All around South Carolina, remarkable things are happening in public schools.
At New Tech schools in the I-95 corridor and elsewhere, students are working in self-regulated teams, where they dive into real-world problems that bring together multiple academic areas and foster team work, critical thinking and communications skills.
In four middle schools in Greenville County’s White Horse community, an innovative data dashboard flags students with early signs of trouble with academics, attendance or behavior. In response, a team of educators devises an intervention plan, guides the students toward appropriate supports and monitors progress.
At the state’s 44 public Montessori schools, preschoolers and elementary schoolers in multi-age classes set their own learning agendas and activities, taking responsibility for their education and fostering cooperation and respect for others.
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Nineteen schools in Charleston County, students learn at their own pace, working with teachers to choose learning experiences that connect to their individual interests and progressing forward only when they’ve proved mastery of each of the standards-based learning objectives.
Across South Carolina, high school juniors and seniors are doing apprenticeships in clean manufacturing, nursing, pharmacy, IT and other fields. They will graduate with professional credentials, workplace skills and contacts — and a high school diploma that often includes college credits.
A lot of work is being done to spread these innovations. Education Superintendent Molly Spearman is committed to systems that help each student meet the “21st Century Profile of the South Carolina Graduate,” which spells out the knowledge, skills and life and career characteristics our high school graduates need. Furman University’s Riley Institute helps implement evidence-based programs and measure the results. CERRA promotes the recruitment and retention of high-quality teachers. And TransformSC helps schools and districts with the difficult work of transforming teaching and learning.
Public education in South Carolina has made a lot of progress since we passed the Education Improvement Act in 1984. Despite a steady rise in poverty in the state and the rapid changes brought about by the knowledge economy, our high school graduation rate has climbed steadily over the past decade to almost 83 percent. This year, our students scored above the national average on SAT and exceeded the nation on eight of the top 10 subjects of Advanced Placement exams, while the number of minority students participating in them grew by 12 percent.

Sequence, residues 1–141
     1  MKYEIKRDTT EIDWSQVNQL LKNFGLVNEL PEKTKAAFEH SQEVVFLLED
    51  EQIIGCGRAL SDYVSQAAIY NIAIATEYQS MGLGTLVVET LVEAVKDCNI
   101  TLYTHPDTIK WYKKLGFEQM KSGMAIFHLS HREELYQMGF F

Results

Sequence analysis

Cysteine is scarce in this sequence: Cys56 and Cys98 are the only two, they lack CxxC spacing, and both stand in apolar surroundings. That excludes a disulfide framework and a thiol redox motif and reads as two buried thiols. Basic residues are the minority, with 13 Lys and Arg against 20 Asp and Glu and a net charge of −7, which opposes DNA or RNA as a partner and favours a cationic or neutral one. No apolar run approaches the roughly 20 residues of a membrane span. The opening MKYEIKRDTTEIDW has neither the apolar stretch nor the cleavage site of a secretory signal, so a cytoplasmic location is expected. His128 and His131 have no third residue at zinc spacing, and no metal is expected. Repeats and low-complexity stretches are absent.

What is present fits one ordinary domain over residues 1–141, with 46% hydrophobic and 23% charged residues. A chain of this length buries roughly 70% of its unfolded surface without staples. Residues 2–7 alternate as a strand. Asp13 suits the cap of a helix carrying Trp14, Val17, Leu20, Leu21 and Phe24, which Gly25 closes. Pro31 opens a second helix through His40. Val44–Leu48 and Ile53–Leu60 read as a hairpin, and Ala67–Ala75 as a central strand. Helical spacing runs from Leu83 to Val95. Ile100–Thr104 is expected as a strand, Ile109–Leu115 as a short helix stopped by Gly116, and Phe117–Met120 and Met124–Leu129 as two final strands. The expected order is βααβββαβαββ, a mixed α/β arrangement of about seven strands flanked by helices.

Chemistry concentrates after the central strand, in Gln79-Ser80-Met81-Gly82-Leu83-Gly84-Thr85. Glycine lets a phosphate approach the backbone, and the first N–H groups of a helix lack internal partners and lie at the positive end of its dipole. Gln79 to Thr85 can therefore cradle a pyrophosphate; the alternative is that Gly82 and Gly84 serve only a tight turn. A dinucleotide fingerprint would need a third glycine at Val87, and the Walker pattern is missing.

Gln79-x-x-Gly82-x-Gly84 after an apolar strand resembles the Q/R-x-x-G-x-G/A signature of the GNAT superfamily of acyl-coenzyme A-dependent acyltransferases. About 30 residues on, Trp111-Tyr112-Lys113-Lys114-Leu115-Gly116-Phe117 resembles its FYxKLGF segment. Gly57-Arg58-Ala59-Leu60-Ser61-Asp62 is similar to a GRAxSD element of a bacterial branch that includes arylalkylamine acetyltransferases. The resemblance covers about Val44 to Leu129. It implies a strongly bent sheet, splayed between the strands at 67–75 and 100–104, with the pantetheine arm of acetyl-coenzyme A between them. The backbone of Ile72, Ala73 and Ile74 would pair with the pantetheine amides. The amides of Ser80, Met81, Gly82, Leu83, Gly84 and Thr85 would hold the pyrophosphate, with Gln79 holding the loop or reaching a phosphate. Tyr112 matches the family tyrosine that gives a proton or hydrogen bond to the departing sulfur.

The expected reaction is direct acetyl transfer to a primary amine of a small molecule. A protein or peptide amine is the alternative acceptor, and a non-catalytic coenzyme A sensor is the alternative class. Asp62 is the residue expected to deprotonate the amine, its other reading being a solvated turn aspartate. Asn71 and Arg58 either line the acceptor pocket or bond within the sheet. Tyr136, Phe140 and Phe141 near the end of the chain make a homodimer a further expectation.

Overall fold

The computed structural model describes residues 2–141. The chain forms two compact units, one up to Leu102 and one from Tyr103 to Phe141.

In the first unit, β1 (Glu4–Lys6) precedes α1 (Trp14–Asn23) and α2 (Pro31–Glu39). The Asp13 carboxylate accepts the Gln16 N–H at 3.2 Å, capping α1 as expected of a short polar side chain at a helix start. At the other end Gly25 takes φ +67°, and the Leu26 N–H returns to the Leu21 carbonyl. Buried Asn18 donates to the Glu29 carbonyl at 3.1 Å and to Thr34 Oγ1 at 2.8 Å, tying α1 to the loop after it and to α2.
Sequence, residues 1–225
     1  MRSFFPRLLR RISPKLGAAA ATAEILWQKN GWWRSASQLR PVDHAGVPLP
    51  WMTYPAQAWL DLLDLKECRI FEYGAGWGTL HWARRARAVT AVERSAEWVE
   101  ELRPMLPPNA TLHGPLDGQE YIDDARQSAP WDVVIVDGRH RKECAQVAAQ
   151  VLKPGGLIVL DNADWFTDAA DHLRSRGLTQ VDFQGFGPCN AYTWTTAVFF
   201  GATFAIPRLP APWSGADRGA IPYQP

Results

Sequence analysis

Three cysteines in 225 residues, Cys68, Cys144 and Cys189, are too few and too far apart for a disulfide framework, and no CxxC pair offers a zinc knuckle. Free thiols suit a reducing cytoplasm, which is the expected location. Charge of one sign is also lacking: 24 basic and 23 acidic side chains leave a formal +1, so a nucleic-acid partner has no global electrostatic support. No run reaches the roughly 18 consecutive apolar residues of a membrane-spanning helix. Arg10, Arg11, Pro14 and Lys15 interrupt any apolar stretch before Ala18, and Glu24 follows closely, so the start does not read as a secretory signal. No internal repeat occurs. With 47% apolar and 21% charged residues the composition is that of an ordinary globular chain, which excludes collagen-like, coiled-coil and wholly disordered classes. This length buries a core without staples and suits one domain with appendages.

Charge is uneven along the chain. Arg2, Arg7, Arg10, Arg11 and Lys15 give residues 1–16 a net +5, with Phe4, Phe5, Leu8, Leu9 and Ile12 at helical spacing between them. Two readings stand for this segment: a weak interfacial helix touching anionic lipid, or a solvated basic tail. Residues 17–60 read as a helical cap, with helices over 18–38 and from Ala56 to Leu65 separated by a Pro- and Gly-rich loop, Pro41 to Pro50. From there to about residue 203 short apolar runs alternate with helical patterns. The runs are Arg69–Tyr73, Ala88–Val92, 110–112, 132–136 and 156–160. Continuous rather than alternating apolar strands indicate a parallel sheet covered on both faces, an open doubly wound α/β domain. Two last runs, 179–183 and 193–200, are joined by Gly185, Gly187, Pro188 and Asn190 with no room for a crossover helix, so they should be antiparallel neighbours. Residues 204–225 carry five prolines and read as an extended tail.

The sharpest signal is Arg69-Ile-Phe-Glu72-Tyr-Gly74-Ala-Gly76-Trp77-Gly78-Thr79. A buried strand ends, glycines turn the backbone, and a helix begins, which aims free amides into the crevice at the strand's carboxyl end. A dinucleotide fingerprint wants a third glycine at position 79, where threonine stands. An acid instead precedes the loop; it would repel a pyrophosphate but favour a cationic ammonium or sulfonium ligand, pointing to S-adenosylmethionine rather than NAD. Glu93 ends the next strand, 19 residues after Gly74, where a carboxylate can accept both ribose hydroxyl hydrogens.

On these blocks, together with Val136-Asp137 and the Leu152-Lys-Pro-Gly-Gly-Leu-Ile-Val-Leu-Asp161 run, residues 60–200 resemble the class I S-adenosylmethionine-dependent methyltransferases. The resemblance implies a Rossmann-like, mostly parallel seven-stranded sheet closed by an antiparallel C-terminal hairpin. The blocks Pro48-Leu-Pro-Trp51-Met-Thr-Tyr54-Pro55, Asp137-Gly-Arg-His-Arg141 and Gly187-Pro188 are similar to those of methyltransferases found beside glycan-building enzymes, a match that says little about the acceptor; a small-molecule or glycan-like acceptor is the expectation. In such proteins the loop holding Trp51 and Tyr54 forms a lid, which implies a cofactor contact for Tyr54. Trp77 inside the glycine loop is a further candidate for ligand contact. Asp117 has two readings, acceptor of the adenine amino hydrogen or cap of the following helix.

Even as we strive for more and better, we should recognize the great work that is being done.
There still is much work to do. One particularly compelling need is to close the achievement gap between children from lower-income homes and middle-class homes. But even as we strive for more and better, we should recognize the great work that is being done and the many accomplishments of the students, families, teachers, principals, administrators and community members who are making it happen.
Today the Riley Institute, in conjunction with S.C. Future Minds, recognizes just a few of these programs and people. At the 7th annual Dick and Tunky Riley WhatWorksSC Award for Excellence luncheon, Reps. Rita Allison, R-Spartanburg, and James Smith, D-Richland, will discuss public education with S.C. ETV president and CEO Linda O’Bryon, and the award finalists will be celebrated.
All of the 2017 finalists — Innovate! at A.J. Whittenberg, Camp iRock and Make Summer Count — happen to be school-community afterschool programs, but serve different constituencies and needs. Each illustrates the improvement that can result when families, schools and community partners work together.
Our public schools are the wellspring of hope and opportunity for us, our children and our children’s children. I invite you — family members, community organizations, businesses, civic and faith groups — to join in Tuesday’s celebration, and I urge you to take part in the lives and success of your community’s schools.
Volunteer to help with homework, serve as a career mentor, join the PTA, help beautify schools, sponsor field trips, support student community service projects, assist with fundraising, serve on the school board — the opportunities are endless, and the rewards are enormous.
Mr. Riley served two terms as S.C. governor and was U.S. education superintendent under President Bill Clinton; the Riley Institute at Furman University is named in his honor. Contact him at firstname.lastname@example.org.